superior breeding stock that will ensure quality animals for consumption
or breeding purposes. This method will provide for a continued high
grade of breeding stock for the farming operation. Generally there is a
contract with the supplier that identifies the type of animals purchased and
imposes constraints on the offspring generated from these animals.
A portion of the contract will discuss the use of offspring; whether for
breeding or for consumption. If they are to be used on the farm as
"breeding stock", there is a cost associated with this "selection." The farm
will be required to compensate the supplier for offspring selected for
breeding. The contract will further delineate the method of selection and
cost per animal selected.
Farm A purchases a boar from Supplier B for $1,000. The contract
states that for the first 2 boars selected from breeding, a fee of $300
per boar will be required. Any additional selections will cost $200 per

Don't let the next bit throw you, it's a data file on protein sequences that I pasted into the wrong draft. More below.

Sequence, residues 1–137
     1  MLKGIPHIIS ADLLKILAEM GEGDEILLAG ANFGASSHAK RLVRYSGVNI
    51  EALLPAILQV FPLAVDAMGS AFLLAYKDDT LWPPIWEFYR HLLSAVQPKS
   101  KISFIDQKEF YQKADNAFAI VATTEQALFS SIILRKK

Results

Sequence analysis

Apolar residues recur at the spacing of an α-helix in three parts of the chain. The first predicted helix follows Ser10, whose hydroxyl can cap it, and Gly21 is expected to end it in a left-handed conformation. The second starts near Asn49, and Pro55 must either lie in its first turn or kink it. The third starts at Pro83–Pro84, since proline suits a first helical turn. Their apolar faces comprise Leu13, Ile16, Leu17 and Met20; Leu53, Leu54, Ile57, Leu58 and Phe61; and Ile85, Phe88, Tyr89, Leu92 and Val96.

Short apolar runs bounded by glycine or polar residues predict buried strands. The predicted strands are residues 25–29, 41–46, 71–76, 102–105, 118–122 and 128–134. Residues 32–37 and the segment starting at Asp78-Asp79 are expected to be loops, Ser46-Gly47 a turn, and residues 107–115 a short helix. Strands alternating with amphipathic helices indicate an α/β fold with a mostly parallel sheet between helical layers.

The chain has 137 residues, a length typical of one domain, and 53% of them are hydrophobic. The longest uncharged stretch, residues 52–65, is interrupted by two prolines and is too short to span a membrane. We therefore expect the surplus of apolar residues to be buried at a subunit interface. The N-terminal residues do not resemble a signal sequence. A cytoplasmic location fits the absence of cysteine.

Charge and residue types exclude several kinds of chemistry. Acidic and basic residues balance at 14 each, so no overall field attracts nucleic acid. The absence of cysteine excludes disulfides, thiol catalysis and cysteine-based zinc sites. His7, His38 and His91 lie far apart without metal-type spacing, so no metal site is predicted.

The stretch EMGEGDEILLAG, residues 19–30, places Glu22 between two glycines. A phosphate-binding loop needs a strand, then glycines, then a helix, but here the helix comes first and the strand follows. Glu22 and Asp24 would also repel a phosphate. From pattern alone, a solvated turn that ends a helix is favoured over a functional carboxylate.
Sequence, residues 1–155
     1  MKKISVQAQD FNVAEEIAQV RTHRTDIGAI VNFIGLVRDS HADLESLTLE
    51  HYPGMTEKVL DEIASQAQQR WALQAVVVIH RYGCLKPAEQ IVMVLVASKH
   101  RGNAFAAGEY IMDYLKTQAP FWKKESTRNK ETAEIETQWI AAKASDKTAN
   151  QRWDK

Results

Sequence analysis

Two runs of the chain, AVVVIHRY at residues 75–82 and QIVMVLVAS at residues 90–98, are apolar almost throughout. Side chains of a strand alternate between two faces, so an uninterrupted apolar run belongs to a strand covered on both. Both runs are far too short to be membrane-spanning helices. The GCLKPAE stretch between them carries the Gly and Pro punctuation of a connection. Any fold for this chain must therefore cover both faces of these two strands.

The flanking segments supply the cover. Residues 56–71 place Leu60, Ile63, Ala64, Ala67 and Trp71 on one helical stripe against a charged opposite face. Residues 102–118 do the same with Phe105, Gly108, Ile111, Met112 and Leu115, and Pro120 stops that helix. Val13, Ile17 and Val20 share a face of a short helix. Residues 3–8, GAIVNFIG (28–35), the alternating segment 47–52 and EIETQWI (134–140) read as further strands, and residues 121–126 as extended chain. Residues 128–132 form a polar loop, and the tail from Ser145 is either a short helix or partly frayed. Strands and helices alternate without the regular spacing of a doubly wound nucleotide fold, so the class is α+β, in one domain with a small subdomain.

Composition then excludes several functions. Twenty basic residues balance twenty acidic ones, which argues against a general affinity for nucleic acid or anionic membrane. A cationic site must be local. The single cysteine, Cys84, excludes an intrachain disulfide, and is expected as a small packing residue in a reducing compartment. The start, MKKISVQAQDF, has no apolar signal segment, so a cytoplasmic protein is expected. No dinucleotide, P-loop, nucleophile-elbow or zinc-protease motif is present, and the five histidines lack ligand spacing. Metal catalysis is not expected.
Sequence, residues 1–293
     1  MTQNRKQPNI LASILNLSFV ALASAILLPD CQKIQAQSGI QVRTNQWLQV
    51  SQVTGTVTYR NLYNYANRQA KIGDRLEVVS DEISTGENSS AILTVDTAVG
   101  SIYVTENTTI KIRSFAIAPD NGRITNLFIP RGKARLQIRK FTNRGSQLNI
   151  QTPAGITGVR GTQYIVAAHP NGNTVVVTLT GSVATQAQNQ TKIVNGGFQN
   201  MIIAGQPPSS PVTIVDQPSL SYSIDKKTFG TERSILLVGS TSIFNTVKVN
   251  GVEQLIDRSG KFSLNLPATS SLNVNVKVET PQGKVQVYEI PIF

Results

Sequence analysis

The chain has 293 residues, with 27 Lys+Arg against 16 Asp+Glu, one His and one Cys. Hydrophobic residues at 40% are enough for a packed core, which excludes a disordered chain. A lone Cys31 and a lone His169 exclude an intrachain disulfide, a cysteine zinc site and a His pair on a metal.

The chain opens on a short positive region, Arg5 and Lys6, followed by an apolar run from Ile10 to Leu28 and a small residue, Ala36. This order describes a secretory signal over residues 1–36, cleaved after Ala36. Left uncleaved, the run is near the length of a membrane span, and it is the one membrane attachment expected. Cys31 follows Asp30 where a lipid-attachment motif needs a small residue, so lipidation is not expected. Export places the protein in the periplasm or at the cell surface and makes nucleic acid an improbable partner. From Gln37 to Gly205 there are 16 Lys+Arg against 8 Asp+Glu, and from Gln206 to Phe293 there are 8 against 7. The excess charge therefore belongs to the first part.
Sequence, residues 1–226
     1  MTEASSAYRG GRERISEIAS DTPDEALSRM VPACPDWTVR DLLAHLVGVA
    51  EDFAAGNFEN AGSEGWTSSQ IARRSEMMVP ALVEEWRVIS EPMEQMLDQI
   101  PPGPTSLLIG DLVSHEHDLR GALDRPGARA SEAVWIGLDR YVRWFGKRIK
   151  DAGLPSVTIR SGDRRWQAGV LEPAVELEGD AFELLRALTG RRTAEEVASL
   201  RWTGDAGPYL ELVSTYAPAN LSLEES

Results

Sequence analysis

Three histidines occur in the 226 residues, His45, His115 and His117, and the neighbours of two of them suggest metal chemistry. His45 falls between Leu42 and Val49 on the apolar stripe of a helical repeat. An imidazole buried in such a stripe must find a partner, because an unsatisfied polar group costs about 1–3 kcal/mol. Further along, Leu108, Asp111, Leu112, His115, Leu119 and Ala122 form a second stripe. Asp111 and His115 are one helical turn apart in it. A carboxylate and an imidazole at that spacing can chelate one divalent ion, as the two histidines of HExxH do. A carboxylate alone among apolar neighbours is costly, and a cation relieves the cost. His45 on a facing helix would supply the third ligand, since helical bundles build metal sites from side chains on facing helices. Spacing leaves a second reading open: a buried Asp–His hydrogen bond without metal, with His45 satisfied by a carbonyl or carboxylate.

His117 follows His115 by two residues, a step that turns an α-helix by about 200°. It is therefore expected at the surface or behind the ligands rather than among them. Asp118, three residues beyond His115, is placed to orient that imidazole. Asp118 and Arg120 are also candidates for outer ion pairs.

boar. [This is usually based on a per sow, per year basis.]
The payment of the $300 per boar is treated as an expense by Farm A
and is considered as a cost of "raising." Remember, that a cash basis
farm may deduct the cost of raising the animals, as a current expense.
The position to be taken is that the "selection fee" is not a cost of raising,
but rather a cost of or associated cost of the offspring. And since the
animal is, by definition, to be used as "Breeding Stock," must be
capitalized and depreciated over 3 years. (See DEPRECIATION
CHAPTER) Depending on the size of the farm operation and extent of its
involvement with these suppliers, adjustments can be significant.
The following arguments were successfully applied in several cases:
• Purchased Breeding Stock -- A portion of Section 1.162-12(a)
Income Tax Regulations provides that "amounts expended in
purchasing work, breeding, dairy or sporting animals are regarded as
capital investments." Such expenditures to purchase livestock are
clearly capital in nature, must be capitalized, and are not subject to
the election granted for costs connected with raising livestock.
• The issue of costs associated with purchased animals versus raised
animals has drawn some attention over the years generating some